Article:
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Excellence in Sexually Transmitted Infection (STI) Diagnostics: Recognition of Past Successes and Strategies for the Future
  1. Allan Ronald (aronald{at}
  1. National Collaborating Center for Infectious Diseases, Winnipeg, Canada
    1. Jane Kuypers
    1. Seattle Children's Hospital, Seattle, United States
      1. Sheila A Lukehart
      1. University of Washington, Seattle, United States
        1. Rosanna W Peeling (peelingr{at}
        1. World Health Organization, Geneva, Switzerland
          1. Victoria Pope
          1. Centers for Disease Control and Prevention, Atlanta, United States


            Diagnostic advances do not generally receive the recognition given to prevention and treatment contributions, for the control and management of infectious diseases including sexually transmitted infections (STIs). In order to identify seminal diagnostic contributions over a half century (1950-2000), the editorial board of the WHO Sexually Transmitted Diseases Diagnostics Initiative (SDI) Publication Review or "electronic journal club" were asked to nominate their choices of peer-reviewed publications for special recognition. From 43 nominations, 13 were voted by a panel of twenty five 'experts' as having made the most significant contributions. The 1964 article by Thayer and Martin, which identified a selective media for gonococcal culture, was chosen unanimously by all panel members and is identified as the classic STI diagnostic article for this era.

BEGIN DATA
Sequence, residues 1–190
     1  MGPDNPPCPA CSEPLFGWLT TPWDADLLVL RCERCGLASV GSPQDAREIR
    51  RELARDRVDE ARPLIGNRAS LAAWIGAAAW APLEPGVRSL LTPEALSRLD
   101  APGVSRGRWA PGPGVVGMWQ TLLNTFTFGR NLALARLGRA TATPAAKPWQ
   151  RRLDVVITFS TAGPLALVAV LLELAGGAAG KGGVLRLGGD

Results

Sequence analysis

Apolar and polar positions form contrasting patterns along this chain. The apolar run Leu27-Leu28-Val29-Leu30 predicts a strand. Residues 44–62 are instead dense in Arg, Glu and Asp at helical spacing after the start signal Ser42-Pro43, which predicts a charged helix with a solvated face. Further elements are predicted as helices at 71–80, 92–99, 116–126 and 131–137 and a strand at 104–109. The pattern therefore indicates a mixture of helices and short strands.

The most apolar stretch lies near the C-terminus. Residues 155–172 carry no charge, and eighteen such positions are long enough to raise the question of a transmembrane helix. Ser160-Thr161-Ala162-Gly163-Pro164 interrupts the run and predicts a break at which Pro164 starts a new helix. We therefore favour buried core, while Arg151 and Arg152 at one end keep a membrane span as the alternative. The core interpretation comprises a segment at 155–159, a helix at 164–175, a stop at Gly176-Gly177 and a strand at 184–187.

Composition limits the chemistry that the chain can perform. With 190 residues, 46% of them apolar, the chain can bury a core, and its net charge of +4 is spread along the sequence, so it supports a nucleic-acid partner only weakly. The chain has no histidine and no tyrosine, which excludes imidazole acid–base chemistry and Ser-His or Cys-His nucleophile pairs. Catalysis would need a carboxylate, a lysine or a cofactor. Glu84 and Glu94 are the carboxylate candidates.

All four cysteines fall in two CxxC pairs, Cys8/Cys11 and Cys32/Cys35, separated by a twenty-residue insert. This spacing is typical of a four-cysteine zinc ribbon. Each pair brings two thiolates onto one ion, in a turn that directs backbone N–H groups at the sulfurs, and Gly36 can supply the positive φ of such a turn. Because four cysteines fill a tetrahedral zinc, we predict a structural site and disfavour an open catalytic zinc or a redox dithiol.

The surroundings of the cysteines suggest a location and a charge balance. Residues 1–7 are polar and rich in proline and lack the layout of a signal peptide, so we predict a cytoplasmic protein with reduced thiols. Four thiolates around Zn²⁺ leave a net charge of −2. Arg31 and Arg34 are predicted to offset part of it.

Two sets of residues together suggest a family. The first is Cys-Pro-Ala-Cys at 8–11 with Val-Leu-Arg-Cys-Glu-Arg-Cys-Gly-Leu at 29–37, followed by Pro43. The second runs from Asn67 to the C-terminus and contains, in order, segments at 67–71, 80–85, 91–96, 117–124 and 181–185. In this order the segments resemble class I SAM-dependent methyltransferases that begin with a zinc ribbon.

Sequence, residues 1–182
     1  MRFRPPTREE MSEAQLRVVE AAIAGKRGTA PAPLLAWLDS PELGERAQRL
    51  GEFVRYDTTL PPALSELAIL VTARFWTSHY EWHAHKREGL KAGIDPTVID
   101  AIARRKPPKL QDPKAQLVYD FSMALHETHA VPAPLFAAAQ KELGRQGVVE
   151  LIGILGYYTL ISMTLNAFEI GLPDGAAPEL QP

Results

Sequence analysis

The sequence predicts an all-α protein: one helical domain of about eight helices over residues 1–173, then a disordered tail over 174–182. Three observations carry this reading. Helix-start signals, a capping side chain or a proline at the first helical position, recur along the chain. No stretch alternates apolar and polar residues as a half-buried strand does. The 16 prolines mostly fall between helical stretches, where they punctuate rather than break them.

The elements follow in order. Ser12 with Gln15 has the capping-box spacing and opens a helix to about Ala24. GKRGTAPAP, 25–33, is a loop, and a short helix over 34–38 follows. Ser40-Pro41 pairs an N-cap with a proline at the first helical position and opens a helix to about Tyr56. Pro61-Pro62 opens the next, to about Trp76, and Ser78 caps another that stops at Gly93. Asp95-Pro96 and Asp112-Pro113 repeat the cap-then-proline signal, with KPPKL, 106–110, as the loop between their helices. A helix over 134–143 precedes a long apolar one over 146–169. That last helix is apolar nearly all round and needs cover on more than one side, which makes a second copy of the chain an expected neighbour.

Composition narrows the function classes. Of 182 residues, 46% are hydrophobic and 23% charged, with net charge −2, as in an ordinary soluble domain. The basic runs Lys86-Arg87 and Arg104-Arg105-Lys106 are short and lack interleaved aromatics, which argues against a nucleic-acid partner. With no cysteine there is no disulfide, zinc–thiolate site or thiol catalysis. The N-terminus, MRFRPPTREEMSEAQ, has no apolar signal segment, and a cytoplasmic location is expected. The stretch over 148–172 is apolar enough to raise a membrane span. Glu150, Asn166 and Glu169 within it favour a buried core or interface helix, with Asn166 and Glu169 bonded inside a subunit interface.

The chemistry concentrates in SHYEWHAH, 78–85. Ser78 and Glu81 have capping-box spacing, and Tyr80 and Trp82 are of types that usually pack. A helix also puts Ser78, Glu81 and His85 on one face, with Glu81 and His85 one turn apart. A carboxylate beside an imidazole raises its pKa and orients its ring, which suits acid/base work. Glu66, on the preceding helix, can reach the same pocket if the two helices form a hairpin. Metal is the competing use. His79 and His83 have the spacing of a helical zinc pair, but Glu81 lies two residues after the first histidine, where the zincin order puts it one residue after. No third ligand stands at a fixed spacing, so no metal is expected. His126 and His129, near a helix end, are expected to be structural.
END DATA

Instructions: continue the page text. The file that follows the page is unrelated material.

• Diagnostics
            • STIs
            • excellence

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